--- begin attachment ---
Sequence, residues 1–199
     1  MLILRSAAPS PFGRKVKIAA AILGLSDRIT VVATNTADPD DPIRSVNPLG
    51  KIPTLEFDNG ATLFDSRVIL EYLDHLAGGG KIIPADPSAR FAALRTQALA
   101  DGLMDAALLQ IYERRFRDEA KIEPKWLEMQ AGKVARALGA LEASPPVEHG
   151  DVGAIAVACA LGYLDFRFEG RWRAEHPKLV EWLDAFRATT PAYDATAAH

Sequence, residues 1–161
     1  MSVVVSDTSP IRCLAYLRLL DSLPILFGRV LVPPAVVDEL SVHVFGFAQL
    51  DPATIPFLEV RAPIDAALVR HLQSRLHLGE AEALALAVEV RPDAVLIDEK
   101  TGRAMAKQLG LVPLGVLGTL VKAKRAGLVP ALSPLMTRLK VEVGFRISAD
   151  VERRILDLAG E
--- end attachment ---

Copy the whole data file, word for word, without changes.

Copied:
Sequence, residues 1–199
     1  MLILRSAAPS PFGRKVKIAA AILGLSDRIT VVATNTADPD DPIRSVNPLG
    51  KIPTLEFDNG ATLFDSRVIL EYLDHLAGGG KIIPADPSAR FAALRTQALA
   101  DGLMDAALLQ IYERRFRDEA KIEPKWLEMQ AGKVARALGA LEASPPVEHG
   151  DVGAIAVACA LGYLDFRFEG RWRAEHPKLV EWLDAFRATT PAYDATAAH

Sequence, residues 1–161
     1  MSVVVSDTSP IRCLAYLRLL DSLPILFGRV LVPPAVVDEL SVHVFGFAQL
    51  DPATIPFLEV RAPIDAALVR HLQSRLHLGE AEALALAVEV RPDAVLIDEK
   101  TGRAMAKQLG LVPLGVLGTL VKAKRAGLVP ALSPLMTRLK VEVGFRISAD
   151  VERRILDLAG E